The basic questions: are the results of the test useful?  Can they be compared with the previous year? Can schools and school districts be compared? And, at the top of the list: are the schools in New York State making academic progress?

Howard Wainer, a Distinguished Research Scientist, the author of innumerable books and articles, an internationally recognized expert writes,

Because of the changes this year’s scores can’t be compared to last year’s and because of the untimed nature of the test (and there being no record of how long anyone took) you can’t compare scores of students who took it this year with one another. It is, in no uncertain terms, an unstandardized test.

This test is akin to measuring children’s heights but allowing some students, we don’t know who, to stand on a stool, we don’t know how high, and then declaring some taller than others.

Fred Smith, another testing expert, writing in City Limits, had doubts about the validity of the test before the test administration.

Either the state education psychometrician is lacking in competence, or knew by adopting untimed tests scores would likely jump – either is unacceptable.

If the state continues down the same path, retaining the untimed tests, even if it keeps track of students who take extra time, and the amount of extra time, we will be once again be comparing apples to oranges. Kids who take extra time or choose not to take extra time may not be the same kids as this year – we simply can’t know.

Will states across the nation also jump on the untimed tests bandwagon?

In the politicized world of education the charter school folk and their acolytes beamed at higher scores, of course, we have no way of knowing why charter school scores were generally higher than public schools, and, the pro-charter print media crowed. Mayor de Blasio and Chancellor Farina also took a victory lap, and the Mayor immediately claimed the scores were proof that mayoral control be made permanent.

Board of Regents Chancellor Rosa reminded us it’s not time for a victory lap, unfortunately everyone else is milking the results – de Blasio and Farina, the charters and principals and teachers are breathing a sigh of relief.

A perverse kind of victimless crime: except for the kids who were tortured preparing for a non-standardized test.

Although the law has changed, No Child Left Behind has been replaced by the Every Student Succeeds Act; the requirement for annual testing in grades 3-8 remains. The Leadership Conference is an umbrella group representing the major civil rights organizations across the spectrum has strongly supported the accountability requirements, aka, testing and reporting scores by subgroup, and, the law is not changing.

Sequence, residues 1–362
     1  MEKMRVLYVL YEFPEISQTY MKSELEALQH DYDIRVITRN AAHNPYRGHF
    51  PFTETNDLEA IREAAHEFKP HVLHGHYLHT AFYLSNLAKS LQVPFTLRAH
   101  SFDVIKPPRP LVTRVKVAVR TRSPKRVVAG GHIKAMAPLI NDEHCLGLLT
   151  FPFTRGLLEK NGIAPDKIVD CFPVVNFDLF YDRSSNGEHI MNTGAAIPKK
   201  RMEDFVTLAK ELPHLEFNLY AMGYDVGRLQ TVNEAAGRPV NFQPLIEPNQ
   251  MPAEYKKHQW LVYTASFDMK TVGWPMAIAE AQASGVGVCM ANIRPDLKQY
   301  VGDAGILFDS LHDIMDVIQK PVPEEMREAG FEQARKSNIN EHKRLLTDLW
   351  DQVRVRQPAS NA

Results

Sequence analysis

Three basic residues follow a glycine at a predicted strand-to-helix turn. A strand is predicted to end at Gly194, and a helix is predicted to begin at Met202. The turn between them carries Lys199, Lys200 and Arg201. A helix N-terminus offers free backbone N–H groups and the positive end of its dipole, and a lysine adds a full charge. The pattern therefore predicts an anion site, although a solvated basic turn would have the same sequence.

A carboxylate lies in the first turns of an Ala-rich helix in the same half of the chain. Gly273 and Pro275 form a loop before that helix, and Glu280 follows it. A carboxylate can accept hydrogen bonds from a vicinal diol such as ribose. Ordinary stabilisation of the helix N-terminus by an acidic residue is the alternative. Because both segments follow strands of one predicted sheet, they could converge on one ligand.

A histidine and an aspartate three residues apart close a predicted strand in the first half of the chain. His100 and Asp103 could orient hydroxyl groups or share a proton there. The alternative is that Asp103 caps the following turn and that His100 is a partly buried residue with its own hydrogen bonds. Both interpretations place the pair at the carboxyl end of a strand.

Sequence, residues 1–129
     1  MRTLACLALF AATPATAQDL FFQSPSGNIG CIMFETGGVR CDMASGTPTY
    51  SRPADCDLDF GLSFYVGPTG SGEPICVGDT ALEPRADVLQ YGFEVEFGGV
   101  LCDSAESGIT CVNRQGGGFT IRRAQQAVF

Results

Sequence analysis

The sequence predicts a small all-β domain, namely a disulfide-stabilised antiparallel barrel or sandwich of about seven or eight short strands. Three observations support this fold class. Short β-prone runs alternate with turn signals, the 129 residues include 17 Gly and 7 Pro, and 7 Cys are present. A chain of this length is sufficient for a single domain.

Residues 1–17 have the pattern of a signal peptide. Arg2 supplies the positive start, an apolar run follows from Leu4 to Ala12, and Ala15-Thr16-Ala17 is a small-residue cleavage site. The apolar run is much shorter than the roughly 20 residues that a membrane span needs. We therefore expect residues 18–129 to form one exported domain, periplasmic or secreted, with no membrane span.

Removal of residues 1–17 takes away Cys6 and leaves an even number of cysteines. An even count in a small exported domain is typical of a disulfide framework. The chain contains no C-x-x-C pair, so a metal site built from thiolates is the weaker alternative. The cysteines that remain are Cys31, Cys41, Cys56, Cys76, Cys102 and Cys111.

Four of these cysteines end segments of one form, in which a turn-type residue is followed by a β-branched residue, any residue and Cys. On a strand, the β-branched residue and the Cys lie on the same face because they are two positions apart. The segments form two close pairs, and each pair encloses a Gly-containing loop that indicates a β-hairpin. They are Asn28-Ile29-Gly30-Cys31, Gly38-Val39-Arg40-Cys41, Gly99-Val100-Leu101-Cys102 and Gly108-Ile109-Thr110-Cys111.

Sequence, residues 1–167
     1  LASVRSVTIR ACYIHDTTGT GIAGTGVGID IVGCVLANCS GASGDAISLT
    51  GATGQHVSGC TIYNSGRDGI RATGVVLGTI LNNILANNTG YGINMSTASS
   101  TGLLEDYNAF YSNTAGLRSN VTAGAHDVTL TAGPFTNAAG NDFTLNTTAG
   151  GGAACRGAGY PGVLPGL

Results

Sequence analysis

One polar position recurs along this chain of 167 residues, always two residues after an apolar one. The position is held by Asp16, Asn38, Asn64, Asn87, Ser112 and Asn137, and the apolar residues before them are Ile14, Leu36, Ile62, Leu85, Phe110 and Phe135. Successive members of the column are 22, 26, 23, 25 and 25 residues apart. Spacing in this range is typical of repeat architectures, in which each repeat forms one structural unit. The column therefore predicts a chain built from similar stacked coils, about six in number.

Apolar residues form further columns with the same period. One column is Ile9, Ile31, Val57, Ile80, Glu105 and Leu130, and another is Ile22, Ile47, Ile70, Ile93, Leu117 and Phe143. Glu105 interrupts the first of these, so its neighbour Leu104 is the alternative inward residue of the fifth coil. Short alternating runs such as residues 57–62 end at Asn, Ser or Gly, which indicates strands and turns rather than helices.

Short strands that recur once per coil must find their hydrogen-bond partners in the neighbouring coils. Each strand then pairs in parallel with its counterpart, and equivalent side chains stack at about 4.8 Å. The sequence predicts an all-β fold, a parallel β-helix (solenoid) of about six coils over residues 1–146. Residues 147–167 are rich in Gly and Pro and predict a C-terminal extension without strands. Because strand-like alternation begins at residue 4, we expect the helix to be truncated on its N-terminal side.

Testing is here to stay.

The US Department of Education has announced they will be selecting six or so states or consortiums of states to play with alternate assessments.

The anti-testing crowd points to the new law and the testing kerfuffle in New York State, why not move to portfolios and performance tasks to current replace testing? This is not a new idea.

Vermont spent a decade working to create an assessment system based on portfolios, and after an external report pointed to fatal flaws, abandoned the effort.

…report by the RAND Corporation … found that the “rater reliability” in scoring the portfolios–the extent to which scorers agreed about the quality of a student’s work–was very low. The researchers urged the state to release the assessment results only at the state level.

Daniel M. Koretz, a senior social scientist at RAND and the report’s author, said the low levels of reliability indicate that the scores are essentially meaningless, since a different set of raters could come up with a completely different set of scores.

Can thousands of teachers be expected to rate portfolios the same?

The portfolio process was expensive, extremely time consuming  and there is no guarantee the portfolio work was not “assisted” by parents or others .

Yes, portfolios and performance tasks are effective classroom tools and in the perfect world might be a way of assessing student progress, in the real world, the world in which we live, it is not reasonable to expect inter-rater reliability.

The anti-testing movement will not disappear and the opt-out movement is alive.

What is absent is leadership – Arne Duncan drove us down a path for seven years that divided education: reformers versus deformers, marketeers versus public schools, unions versus the hedge funders: education is bitterly divided. Will the next president nominate an education leader who can bring together the disparate constituencies?

Education is adrift and the unstandardized testing regimen in New York State is a prime example.

Why Did New York State Test Scores Jump? Better Instruction? Untimed Tests? All the Kids Got Smarter, or, Shenanigans?

If you want to bury a news story you issue the press release on a Friday afternoon, if you want as much mileage as possible you issue the release on a Tuesday morning, followed by a press conference, in person and online, followed by laudatory speeches across the state and try to maximize the time the story garners headlines and clicks.

The State Education Department released the 2016 grades 3-8 ELA and Math scores on Friday afternoon with an odd presser. The test scores up, way up; why is the SED ashamed?